Back in January, the Federal Housing Finance Agency (FHFA) announced that mortgage fees for some borrowers would increase beginning May 1, while other borrowers would see their fees decrease.

The FHFA is an independent federal agency that “was established by the Housing and Economic Recovery Act of 2008 (HERA) and is responsible for the effective supervision, regulation, and housing mission oversight of the Federal National Mortgage Association (Fannie Mae), the Federal Home Loan Mortgage Corporation (Freddie Mac), and the Federal Home Loan Bank System, which includes the 11 Federal Home Loan Banks (FHLBanks) and the Office of Finance (OF).”

The agency’s mission is to ensure that Fannie Mae and Freddie Mac — which buy about two-thirds of the mortgages originated by U.S. lenders — and the FHLBanks “fulfill their mission by operating in a safe and sound manner to serve as a reliable source of liquidity and funding for housing finance and community investment.” These three entities together “provide more than $8.1 trillion in funding for the U.S. mortgage markets and financial institutions.”

As the May 1 date approached, Republicans began complaining that the mortgage fee hike would force homebuyers with good credit to pay more for their mortgages to offset lower fees charged to those with riskier credit.

Two House Republican leaders even wrote a letter to FHFA director Sandra Thompson demanding that the Biden administration eliminate the fee hikes or else Republicans would “take action to repeal them legislatively and reconsider the parameters of FHFA’s authority.”

In the Senate, Roger Marshall (R-Kan.) penned a letter as well. He termed the new fee structure a “shortsighted and counterproductive policy” that “demonstrates a profound misunderstanding of the necessity of accurately tailoring housing finance products to credit risk and establishes a perverse incentive that punishes hardworking Americans for their fiscal prudence.”

The fees in question are loan-level price adjustments (LLPAs) — risk-based fees assessed to mortgage borrowers depending on their credit score, loan-to-value, debt-to-income, loan purpose, occupancy, down payment, and mortgage type.

But according to FHFA director Thompson, “​Higher-credit-score borrowers are not being charged more so that lower-credit-score borrowers can pay less. The updated fees, as was true of the prior fees, generally increase as credit scores decrease for any given level of down payment.”

However, what she did not acknowledge is that some borrowers with the same credit score who put less than 5 percent down will pay lower LLPAs this year, while borrowers who put 20 percent down will pay higher LLPAs this year. This is why Thompson also said that the fee changes will “increase pricing support for purchase borrowers limited by income or by wealth.”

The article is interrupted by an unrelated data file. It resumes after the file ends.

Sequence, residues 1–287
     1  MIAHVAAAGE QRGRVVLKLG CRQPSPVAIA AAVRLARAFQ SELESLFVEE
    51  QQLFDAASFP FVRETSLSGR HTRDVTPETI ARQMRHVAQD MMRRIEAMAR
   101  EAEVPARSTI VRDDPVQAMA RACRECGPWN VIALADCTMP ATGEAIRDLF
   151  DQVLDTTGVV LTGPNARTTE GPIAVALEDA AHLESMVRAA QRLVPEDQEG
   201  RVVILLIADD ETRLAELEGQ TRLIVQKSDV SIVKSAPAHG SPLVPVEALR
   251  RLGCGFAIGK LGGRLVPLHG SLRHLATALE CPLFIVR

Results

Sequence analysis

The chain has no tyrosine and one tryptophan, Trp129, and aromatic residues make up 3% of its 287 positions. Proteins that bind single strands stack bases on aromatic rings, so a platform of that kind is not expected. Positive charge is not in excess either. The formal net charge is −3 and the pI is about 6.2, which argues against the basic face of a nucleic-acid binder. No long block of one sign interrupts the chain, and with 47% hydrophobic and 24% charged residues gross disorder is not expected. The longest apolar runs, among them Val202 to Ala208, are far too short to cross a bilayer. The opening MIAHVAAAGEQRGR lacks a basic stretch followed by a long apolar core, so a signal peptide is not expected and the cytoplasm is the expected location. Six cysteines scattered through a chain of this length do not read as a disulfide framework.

Republicans miss the point on the mortgage fee hike, just like they miss the point on almost everything else.

It doesn’t matter if the FHFA raises mortgage fees on all borrowers, some borrowers, no borrowers, high-risk borrowers, low-risk borrowers, borrowers who make large down payments, or borrowers who make small down payments.

The FHFA should not exist in the first place, and that is the point that Republicans ought to be making.

The FHFA was created in 2008 to replace the Federal Housing Finance Board (FHFB) and the Office of Federal Housing Enterprise Oversight (OFHEO) — other agencies that should never have been created. It then placed Fannie Mae and Freddie Mac — more agencies that should not exist — in conservatorship. The FHFA oversees the Federal Home Loan Banks — government-sponsored banks that should not exist. None of these agencies should be confused with the Federal Housing Administration (FHA) within the Department of Housing and Urban Development — an agency and a department that should not exist — which insures mortgages made by private lenders.

What Republicans ought to be pointing out is that the Constitution (Republicans claim to be the party of the Constitution) nowhere authorizes the federal government to have anything to do with housing. This means no FHFA, no FHA, no Fannie Mae, no Freddie Mac, no Ginnie Mae, no HUD, no Federal Home Loan Banks, and no VA and USDA mortgages.

These agencies are all relics of the New Deal’s Federal Home Loan Bank Act (1932) and National Housing Act (1934).

It is not the job of the government to make housing affordable, issue mortgages, insure mortgages, facilitate access to affordable mortgage credit, or oversee the housing industry.

Back in September of 2019, the Fifth Circuit Court of Appeals, in an en banc opinion, ruled that the structure of the FHFA was unconstitutional under the separation of powers doctrine because its director could not be removed by the president. This ruling was later affirmed by the U.S. Supreme Court in Collins v. Yellen (2021).

But it is the constitutionality of the FHFA itself that the federal courts should have been deciding, not merely its structure. From the beginning, Republicans should have challenged its existence — instead of helping to create it — and not just complain when the agency does something they don’t like.

Originally published at the Future of Freedom Foundation and reposted here with permission.

Laurence M. Vance